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Categories: Environmental/SustainabilityLand Use & Zoning (Private)Eminent DomainAdministrative Law
Tags: Mitchell J. BurnsteinClifford A. SchulmanSusan L. TrevarthenMiami Governmental Affairs AttorneysSouth Florida Governmental Affairs AttorneysFort Lauderdale Municipal AttorneysFort Lauderdale Eminent Domain AttorneysMiami Eminent Domain AttorneysSourth Florida Eminent Domain AttorneysFort Lauderdale Environmental Law AttorneysMiami Environmental Law AttorneysSouth Florida Environmental Law Attorneys Florida Environmental LawMiami Eminent Domain Attorney
Author(s): Brooke P. Dolara

WSH Associate Alison F. Smith Elected President of CBA

WSH Associate Alison F. Smith has been elected as the next President of the Caribbean Bar Association, a voluntary bar organization of South and Central Florida lawyers from the Caribbean community. 

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Categories: Labor and EmploymentLitigationAwards & RecognitionsAdministrative Law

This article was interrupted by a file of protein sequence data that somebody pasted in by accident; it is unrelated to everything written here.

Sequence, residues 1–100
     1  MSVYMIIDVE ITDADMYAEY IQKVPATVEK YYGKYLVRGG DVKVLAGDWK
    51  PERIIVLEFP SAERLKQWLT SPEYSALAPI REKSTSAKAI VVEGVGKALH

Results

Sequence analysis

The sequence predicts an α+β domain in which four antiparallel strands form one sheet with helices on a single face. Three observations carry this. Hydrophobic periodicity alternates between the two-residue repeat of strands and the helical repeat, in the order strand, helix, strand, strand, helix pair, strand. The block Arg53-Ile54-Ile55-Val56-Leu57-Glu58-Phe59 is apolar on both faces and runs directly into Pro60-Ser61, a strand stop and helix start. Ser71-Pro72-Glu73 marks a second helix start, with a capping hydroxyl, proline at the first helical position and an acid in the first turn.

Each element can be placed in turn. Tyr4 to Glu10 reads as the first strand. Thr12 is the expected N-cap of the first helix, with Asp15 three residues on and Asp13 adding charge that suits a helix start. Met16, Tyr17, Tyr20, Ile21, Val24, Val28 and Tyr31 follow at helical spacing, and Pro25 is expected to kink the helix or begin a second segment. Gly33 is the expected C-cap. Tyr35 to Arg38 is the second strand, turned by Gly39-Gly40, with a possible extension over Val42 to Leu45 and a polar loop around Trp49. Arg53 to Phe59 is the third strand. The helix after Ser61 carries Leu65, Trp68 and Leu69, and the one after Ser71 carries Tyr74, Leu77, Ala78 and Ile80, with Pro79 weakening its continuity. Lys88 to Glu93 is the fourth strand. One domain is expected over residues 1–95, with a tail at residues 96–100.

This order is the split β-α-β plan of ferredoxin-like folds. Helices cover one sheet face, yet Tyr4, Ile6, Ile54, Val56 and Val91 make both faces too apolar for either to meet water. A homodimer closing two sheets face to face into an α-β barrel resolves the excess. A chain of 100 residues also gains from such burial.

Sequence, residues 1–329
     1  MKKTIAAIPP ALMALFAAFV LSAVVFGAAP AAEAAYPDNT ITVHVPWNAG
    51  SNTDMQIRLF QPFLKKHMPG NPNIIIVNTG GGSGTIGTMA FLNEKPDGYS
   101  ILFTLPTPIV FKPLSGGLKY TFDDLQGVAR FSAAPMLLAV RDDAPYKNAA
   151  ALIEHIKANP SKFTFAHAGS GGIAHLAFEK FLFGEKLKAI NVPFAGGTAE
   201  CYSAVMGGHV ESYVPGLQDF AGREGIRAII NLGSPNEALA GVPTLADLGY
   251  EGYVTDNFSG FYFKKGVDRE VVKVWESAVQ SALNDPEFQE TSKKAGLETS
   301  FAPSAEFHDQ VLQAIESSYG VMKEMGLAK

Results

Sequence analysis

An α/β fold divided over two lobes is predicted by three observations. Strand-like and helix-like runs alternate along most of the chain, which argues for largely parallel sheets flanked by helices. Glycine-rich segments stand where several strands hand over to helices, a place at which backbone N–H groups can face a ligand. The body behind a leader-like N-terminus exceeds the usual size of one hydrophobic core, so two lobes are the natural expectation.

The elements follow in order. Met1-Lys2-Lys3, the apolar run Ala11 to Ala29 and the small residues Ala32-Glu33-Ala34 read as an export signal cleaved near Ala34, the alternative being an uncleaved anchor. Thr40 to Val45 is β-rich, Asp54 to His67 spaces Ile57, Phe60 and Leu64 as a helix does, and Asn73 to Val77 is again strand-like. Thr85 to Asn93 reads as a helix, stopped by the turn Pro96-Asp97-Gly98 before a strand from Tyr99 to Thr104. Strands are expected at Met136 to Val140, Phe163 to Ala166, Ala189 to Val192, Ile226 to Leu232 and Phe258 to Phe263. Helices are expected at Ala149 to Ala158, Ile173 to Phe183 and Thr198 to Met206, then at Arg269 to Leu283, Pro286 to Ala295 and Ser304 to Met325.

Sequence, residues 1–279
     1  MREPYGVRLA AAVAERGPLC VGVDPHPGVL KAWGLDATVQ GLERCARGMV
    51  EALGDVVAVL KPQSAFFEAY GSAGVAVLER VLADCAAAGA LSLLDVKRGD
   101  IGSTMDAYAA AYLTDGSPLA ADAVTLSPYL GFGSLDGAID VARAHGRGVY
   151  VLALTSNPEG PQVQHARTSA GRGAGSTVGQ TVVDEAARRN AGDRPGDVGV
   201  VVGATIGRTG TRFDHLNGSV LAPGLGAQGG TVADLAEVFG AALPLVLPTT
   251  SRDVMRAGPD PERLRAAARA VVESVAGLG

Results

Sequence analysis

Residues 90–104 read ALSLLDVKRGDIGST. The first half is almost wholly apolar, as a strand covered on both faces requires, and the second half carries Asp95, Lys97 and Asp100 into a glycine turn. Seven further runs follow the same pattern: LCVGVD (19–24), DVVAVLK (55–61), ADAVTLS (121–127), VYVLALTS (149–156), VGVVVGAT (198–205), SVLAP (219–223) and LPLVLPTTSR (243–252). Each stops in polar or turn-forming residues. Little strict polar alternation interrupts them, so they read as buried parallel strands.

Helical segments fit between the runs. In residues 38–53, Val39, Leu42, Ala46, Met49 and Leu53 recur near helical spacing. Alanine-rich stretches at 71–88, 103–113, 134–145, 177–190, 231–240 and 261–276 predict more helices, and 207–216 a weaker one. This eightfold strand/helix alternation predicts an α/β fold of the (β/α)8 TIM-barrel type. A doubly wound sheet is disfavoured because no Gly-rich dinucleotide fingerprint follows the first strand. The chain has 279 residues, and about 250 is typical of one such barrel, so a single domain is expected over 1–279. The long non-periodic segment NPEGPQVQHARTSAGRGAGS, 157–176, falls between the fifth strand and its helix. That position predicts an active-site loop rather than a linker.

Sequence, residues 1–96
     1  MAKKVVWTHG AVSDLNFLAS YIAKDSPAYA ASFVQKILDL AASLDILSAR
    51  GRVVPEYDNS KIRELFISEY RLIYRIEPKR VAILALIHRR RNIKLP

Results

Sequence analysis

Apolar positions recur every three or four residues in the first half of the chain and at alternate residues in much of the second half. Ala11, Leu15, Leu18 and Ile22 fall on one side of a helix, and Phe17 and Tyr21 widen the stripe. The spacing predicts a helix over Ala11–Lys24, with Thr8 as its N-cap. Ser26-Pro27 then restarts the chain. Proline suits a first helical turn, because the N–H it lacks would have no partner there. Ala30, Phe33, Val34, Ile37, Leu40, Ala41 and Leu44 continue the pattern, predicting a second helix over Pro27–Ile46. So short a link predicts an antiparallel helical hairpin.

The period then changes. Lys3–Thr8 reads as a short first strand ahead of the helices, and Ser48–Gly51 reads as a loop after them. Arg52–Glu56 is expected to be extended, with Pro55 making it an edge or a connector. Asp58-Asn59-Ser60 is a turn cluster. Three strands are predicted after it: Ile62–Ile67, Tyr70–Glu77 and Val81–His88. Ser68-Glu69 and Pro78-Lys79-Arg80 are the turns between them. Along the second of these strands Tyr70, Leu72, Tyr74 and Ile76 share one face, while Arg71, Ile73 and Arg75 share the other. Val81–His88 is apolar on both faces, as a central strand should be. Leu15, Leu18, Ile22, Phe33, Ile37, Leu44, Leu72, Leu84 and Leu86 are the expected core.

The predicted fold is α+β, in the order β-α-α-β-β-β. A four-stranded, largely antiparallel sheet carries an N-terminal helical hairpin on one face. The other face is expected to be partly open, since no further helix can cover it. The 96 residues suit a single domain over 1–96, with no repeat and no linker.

Tags: Michael S. PopokAlison F. SmithFort Lauderdale Business Litigation AttorneysFort Lauderdale Business Litigation LawyersMiami Commercial Litigation AttorneyMiami Commercial Litigation LawyerSouth Florida Commercial Litigation AttorneySouth Florida Commercial Litigation LawyerFort Lauderdale LitigatorsMiami LitigatorsFort Lauderdale Constitutional Law AttorneysMiami Constitutional Law AttorneysSouth Florida Constitutional Law AttorneysSouth Florida LitigatorsFort Lauderdale Employment Law AttorneysMiami Employment Law AttorneysSouth Florida Employment Law AttorneysFort Lauderdale Labor Law AttorneysMiami Labor Law AttorneysSouth Florida Labor Law AttorneysFlorida Commercial Litigation LawyerFlorida Employment AttorneysFlorida Labor LawyersFlorida Litigation AttorneysFort Lauderdale Civil Litigation AttorneysFort Lauderdale Commercial Litigation AttorneysFort Lauderdale Commercial Litigation AttorneysFort Lauderdale Employment LawyerFort Lauderdale Employment LawyerMiami Commercial Litigation AttorneyMiami Employment AttorneyMiami Employment AttorneyMiami Labor LawyerMiami Litigation AttorneySouth Florida Employment Lawyers